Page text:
Getting back to it. If they select get their friends opinion – share – then great. You feed them with a message – “Great, we will send you an e-mail with feedback once your friends have replied”. Or, buy now and have the option to change your mind when your friends have had their say. Or, woops your friends couldn’t decide, buy both with free 1 day delivery and 10% off your second item. Or something like that.
You start getting it I guess. You make sharing a part of your conversion funnel, rather than making it something people do statically. You give them a reason to share whilst making their decision, or to be able to boast, or for whatever other reason you can find when analyzing your website personas. DON’T put a share button on the page unless the page itself is a shareable object. Rather make sharing a part of the purchasing process. Wow… that paragraph became a blog post in its own right. LOL… getting back to it….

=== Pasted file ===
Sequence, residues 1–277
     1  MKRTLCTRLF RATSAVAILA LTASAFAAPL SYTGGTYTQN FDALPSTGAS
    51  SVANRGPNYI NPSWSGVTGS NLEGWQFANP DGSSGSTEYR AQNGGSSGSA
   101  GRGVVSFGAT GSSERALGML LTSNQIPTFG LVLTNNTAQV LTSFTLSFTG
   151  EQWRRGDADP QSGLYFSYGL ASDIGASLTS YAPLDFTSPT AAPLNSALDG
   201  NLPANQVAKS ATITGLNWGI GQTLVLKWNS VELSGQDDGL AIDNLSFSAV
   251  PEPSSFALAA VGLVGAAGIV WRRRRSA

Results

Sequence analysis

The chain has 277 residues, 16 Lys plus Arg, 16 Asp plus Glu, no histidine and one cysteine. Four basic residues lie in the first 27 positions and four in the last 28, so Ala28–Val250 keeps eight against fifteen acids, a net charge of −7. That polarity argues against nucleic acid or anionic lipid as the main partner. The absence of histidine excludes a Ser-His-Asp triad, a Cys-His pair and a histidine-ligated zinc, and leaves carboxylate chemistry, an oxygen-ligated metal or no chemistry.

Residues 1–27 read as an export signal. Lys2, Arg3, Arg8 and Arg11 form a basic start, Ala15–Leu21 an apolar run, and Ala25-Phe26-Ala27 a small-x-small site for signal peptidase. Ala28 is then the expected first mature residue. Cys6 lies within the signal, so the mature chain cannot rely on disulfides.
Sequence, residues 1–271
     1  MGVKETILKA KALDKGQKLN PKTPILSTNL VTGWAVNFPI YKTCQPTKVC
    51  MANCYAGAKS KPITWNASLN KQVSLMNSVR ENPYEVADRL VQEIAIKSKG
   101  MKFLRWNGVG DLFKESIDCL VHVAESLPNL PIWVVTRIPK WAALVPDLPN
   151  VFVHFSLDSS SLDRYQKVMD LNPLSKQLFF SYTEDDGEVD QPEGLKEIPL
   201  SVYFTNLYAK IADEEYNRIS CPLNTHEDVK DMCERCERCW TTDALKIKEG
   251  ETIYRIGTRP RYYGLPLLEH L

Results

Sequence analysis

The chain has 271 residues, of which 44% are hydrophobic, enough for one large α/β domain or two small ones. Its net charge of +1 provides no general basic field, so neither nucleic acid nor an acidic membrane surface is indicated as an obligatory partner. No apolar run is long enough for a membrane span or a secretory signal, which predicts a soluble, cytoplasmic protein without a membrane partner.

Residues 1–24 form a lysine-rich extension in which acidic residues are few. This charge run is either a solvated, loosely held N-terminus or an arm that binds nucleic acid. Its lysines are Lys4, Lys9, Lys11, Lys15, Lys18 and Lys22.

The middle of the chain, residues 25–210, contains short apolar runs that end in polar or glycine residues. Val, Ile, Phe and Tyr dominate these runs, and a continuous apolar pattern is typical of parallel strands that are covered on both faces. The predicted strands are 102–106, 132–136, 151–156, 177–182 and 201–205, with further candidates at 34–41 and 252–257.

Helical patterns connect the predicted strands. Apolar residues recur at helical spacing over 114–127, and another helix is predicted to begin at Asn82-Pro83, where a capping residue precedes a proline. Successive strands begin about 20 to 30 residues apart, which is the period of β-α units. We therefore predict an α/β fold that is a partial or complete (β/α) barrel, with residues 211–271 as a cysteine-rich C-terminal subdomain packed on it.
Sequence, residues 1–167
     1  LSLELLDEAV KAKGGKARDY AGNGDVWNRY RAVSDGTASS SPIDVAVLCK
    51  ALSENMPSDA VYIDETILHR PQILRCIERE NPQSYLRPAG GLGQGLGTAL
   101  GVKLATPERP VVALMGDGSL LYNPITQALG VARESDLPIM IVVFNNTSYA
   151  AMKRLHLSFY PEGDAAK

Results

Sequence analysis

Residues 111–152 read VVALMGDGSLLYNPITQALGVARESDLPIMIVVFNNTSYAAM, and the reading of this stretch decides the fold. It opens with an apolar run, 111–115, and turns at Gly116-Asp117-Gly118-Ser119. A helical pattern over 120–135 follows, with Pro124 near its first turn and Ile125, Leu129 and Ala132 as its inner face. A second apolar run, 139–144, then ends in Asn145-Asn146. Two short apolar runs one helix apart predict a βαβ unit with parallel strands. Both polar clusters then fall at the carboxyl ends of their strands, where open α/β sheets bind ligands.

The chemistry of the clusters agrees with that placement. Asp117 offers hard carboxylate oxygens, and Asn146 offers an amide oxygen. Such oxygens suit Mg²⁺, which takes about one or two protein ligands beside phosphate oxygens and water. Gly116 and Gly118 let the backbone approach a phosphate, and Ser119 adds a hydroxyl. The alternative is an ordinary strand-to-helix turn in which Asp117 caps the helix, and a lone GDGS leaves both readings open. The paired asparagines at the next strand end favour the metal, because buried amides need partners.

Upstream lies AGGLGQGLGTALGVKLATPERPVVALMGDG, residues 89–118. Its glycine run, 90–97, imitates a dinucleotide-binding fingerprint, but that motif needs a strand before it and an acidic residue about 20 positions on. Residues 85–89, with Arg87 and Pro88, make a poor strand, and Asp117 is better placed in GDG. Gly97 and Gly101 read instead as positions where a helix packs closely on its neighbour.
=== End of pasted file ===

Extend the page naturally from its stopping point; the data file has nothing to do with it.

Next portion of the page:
How do you optimize for sharing in terms of in-line conversion?
I have written about Biconic conversion models before, but that blog post still didn’t take into account the challenge of time, which is one of the greatest friction moments of any type of user path. If it takes to much time, they have time to think, and thus they are less likely to convert as their level of arousal that was created by the landing page, decreases as time goes by.
You cannot simply add steps between the user and their completion of the goal. You need to optimize some away first. This is really the focus for in-line conversion optimization. If you add something you have to optimize something so that it runs more smoothly.
So. To get to it. What should you do? Well, I usually do the following, if I don’t have the luxury of fancy fancy analytics tools:
I look at the average time a user spends from landing page to completing a preferred goal
That average time I assume to be the time a person is willing to spend to purchase anything from me